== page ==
Master of Science (MS)


Geology and Geophysics

Document Type



The global tectonic setting(s) of the early Archean is a long-debated topic in geology. There are two major groups of models: uniformitarian models that largely mirror modern plate tectonics and non-uniformitarian models which involve various ‘vertical’ tectonics concepts. These models have been proposed and examined during the last decades based primarily on study of exposed Archean terranes. Isua and Eastern Pilbara are two of the best studied Archean terranes because of their old ages (>3.8-3.6 Ga and >3.5-3.2 Ga), large exposures and relatively good preservation of early Archean lithologies and structures. The uniformitarian model has been widely applied to Isua whereas the vertical tectonics model is largely drawn from the geology of the Eastern Pilbara. This difference in interpretation suggests a few possible scenarios: early Earth had diverse geological systems, or one or both interpretations may be flawed. Plate tectonics appears strongly excluded by the distinctive dome-and-keel structural geometry of the Eastern Pilbara, but it appears possible to question whether Isua may have developed via vertical tectonic processes. To address this question, this project investigates the lithology, geochemistry, geochronology, metamorphism and structural geology of Isua and Eastern Pilbara. Data are compiled from literature sources, new field mapping in Eastern Pilbara, and new whole rock geochemistry of Pilbara ultramafic rocks. Results from the two terranes show that the geometry, lithology, geochemistry, metamorphism styles, and structural patterns are largely similar, with minor differences that can be interpreted as results of local deformation variations. Processes of subduction, arc magmatism, terrane juxtaposition, and formation of core complexes provide most predictions for uniformitarian models, whereas extensive volcanism, TTG doming, and sinking of thick mafic crust are the main processes supplying predictions for non-uniformitarian vertical tectonics models. Although predictions of uniformitarian models can fit much of the assembled data, there are always some key features that cannot be explained. For examples: (1) ultramafic rocks from Pilbara and Isua are chemically consistent with intrusive and extrusive crustal igneous rocks and not consistent with mantle peridotite chemistry, as predicted by plate tectonic models of these terranes. Likewise, (2) the radial dome-and-keel structural geometry of Pilbara cannot be explained via formation of metamorphic core complexes, as predicted by some plate tectonic models, and Isua may represent a similar structural pattern that has undergone later deformation. In contrast, these records are consistent with the predictions of non-uniformitarian vertical tectonics models. Therefore, it appears that a non-uniformitarian vertical tectonics model may provide a single tectonic process for early Archean crustal evolution that is viable across all known rock records.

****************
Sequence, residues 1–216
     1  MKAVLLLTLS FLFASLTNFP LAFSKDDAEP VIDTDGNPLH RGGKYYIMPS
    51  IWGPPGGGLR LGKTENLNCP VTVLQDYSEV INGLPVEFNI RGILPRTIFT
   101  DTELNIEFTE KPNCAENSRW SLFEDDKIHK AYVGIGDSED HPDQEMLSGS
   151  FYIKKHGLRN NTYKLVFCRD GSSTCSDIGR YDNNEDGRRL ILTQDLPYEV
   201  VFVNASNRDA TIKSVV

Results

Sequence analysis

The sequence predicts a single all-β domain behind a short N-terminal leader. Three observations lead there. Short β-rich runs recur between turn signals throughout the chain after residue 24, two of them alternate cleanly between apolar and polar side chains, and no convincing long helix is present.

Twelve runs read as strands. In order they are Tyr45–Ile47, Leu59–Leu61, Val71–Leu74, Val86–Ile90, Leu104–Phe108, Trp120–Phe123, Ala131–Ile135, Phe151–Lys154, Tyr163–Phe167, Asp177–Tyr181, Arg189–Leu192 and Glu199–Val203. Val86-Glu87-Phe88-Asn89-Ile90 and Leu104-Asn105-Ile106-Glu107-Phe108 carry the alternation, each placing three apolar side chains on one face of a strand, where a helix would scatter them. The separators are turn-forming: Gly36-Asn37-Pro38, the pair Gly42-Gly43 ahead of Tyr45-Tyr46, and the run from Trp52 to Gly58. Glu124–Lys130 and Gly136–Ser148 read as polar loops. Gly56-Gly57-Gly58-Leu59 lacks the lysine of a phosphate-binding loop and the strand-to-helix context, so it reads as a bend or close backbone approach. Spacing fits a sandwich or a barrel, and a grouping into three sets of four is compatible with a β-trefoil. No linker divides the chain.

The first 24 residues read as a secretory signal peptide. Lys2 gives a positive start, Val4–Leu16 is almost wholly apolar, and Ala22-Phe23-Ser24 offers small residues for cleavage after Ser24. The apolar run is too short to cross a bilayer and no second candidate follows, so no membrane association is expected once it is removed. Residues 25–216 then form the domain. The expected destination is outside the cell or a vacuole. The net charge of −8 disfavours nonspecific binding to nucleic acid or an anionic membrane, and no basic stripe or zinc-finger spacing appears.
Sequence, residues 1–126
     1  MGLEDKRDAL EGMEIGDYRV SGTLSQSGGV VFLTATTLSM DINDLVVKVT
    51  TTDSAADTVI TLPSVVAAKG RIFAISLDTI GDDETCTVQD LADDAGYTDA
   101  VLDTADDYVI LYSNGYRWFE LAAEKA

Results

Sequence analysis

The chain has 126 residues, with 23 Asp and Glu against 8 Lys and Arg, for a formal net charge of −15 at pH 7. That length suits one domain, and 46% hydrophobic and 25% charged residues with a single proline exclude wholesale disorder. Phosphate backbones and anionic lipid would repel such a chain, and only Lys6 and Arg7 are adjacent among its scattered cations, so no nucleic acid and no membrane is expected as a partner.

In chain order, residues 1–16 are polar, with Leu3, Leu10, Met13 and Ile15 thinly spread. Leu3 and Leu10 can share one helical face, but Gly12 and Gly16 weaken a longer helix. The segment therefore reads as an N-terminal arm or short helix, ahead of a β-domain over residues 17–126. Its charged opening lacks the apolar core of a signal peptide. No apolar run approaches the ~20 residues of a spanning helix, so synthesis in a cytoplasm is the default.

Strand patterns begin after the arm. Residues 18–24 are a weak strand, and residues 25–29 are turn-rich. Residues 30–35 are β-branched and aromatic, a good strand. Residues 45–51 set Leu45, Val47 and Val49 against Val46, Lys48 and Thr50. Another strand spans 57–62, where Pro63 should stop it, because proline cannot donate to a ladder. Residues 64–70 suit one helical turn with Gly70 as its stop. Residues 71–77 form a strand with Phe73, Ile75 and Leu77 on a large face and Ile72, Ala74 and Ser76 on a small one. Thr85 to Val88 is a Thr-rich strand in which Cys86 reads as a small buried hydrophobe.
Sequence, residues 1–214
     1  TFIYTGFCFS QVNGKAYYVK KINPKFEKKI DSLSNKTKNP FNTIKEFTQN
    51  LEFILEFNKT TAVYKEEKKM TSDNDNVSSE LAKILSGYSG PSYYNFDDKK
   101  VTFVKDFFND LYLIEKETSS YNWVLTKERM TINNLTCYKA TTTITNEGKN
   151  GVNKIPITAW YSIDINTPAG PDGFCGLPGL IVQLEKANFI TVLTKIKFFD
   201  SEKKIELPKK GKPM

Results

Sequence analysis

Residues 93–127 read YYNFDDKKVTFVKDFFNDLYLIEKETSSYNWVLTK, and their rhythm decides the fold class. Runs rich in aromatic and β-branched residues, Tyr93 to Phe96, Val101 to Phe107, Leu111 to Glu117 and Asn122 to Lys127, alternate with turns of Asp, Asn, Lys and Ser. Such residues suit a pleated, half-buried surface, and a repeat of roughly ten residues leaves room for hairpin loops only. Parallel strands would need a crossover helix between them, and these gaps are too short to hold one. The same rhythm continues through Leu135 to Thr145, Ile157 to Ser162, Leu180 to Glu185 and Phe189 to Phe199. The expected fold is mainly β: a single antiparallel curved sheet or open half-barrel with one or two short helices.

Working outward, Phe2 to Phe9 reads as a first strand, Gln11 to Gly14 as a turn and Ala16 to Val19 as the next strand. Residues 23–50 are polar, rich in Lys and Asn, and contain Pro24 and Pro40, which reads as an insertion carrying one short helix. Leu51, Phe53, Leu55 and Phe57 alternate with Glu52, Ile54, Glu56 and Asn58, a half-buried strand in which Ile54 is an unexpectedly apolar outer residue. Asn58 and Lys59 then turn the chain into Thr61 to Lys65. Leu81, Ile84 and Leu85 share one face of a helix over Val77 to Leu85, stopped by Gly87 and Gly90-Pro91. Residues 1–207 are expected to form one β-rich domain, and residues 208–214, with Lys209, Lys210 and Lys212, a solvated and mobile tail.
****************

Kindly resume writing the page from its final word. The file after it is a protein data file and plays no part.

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Committee Chair

Webb, A. Alexander G.

Available for download on Friday, January 01, 9999